Archive for February, 2021

Laughing Through 2020

Most everyone agrees: 2020 was a difficult year. People have had their lives uprooted in one way or another, more time spent at home, more Zoom calls, and there are the masks, lots of them. While 2021 looks optimistic, we are only in the beginning months.

With so much time on our hands over the last year, people have found inventive ways to pass the hours. Videos on YouTube and TikTok are ample proof of that. One of the treasures to come from this is the weekly Silent Comedy Watch Party, which is nearing its first year anniversary. Every Sunday, the hour-long YouTube streaming program showcases two or three silent comedy shorts, accompanied by pianist Ben Model. For those who need a good chuckle, this is proof that humor is the best medicine for trying times.

Model is no stranger to film preservation. He has created musical scores for hundreds of silent films over the last thirty years, and is the resident film accompanist at the Museum of Modern Art (NY) and at the Library of Congress’ Packard Campus Theatre. May of those scores have been broadcast on Turner Classic Movies and released on DVD/Blu-Ray. In addition, he has released a series of rare silent titles with his independent label, Undercrank Productions, including films preserved by the Library of Congress.

The Silent Comedy Watch Party began as a way to showcase some classic shorts during his down time as the Pandemic shuttered movie theaters and live performances. His co-host for the program, Steve Massa, is also well recognized in silent film circles for his series of books on the subject, including Lame Brains and Lunatics: The Good, The Bad, and The Forgotten of Silent Comedy, Slapstick Divas: The Women of Silent Comedy, and Rediscovering Roscoe: The Films of “Fatty” Arbuckle. He has organized comedy film programs for the Museum of Modern Art, the Library of Congress, the Smithsonian Institution, and the Pordenone Silent Film Festival.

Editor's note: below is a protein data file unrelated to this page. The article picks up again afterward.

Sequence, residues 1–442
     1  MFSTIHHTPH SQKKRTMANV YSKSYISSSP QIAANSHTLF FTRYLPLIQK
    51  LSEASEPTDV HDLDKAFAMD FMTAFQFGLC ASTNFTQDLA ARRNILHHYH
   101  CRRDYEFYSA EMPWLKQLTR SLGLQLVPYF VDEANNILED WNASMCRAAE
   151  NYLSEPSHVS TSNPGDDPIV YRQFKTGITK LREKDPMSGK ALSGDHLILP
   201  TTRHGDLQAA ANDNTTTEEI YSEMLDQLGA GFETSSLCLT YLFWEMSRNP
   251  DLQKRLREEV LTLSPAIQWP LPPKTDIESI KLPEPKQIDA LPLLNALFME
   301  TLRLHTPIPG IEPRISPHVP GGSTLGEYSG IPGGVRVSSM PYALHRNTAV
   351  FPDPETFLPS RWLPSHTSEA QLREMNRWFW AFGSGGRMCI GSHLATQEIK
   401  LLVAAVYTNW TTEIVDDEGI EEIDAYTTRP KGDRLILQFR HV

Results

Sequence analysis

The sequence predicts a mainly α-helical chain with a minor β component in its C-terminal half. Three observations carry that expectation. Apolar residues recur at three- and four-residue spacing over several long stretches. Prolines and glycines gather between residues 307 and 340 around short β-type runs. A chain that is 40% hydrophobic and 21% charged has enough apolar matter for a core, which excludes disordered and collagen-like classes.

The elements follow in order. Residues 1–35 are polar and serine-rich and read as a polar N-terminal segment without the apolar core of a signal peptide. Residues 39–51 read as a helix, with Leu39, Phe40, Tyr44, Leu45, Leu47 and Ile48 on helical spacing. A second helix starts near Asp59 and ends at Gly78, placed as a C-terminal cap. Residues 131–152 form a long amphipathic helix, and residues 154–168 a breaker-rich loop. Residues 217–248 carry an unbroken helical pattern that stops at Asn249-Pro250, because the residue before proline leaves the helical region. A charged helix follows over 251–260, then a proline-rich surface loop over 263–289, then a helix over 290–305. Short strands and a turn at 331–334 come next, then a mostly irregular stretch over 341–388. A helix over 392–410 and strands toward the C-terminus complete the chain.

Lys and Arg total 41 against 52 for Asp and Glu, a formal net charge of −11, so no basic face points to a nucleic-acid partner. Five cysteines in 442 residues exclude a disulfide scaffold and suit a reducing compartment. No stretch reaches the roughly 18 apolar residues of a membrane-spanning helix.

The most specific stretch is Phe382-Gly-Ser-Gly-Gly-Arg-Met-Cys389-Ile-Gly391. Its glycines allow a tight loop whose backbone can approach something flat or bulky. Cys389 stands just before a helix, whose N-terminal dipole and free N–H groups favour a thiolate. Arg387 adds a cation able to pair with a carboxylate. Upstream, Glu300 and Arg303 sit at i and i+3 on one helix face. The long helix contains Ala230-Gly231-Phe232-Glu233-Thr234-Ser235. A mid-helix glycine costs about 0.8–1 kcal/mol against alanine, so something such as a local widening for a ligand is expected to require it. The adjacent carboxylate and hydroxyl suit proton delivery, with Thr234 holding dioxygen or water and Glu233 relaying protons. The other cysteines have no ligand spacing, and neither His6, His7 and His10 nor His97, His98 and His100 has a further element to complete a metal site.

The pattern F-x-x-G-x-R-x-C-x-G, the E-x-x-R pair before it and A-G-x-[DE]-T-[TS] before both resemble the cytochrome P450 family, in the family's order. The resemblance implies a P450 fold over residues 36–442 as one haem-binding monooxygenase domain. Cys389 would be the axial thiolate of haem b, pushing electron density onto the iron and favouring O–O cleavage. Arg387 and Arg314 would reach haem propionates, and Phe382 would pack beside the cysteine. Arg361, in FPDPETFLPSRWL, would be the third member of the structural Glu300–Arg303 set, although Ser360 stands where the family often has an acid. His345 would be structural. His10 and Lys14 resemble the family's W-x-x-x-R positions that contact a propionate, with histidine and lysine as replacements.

Every Sunday, online audiences are treated to comedy shorts with live piano accompaniment from Model’s home, and detailed introductions and discussions by Model and Massa. The list of comedians range from the expected geniuses – Chaplin, Keaton, Lloyd, and Langdon – to the more obscure names such as Alice Howell, Harry Watson, Jr. (Musty Suffer), Billie Ritchie, and Louise Fazenda. For many, this program can be seen as a weekly college course in silent comedy, hosted by two people who really know their stuff.

It’s doubtful that either of them expected to be doing this for more than a handful of programs, more of a way to pass the time and showcase a few films that they held dear. Now close to a year into it, their efforts are still going strong. It’s a great diversion for a Sunday afternoon, and is a way to discover new comedy shorts while revisiting some of the classics.

And let’s face it; we all need to laugh right now.

New and past episodes of Silent Comedy Watch Party can be found at www.silentcomedywatchparty.com​.


Cinema Houston celebrates a vibrant century of movie theatres and moviegoing in Texas’s largest city. This weblog is a companion to the Book, Cinema Houston: From Nickelodeon to Megaplex (University of Texas Press, 2007), and website, www.CinemaHouston.net.

David Welling is a Houston-based writer, artist, and graphic designer. His lifelong interest in movies (and the places that show them) led to the writing of Cinema Houston, which included fifteen years of research, and its subsequent website.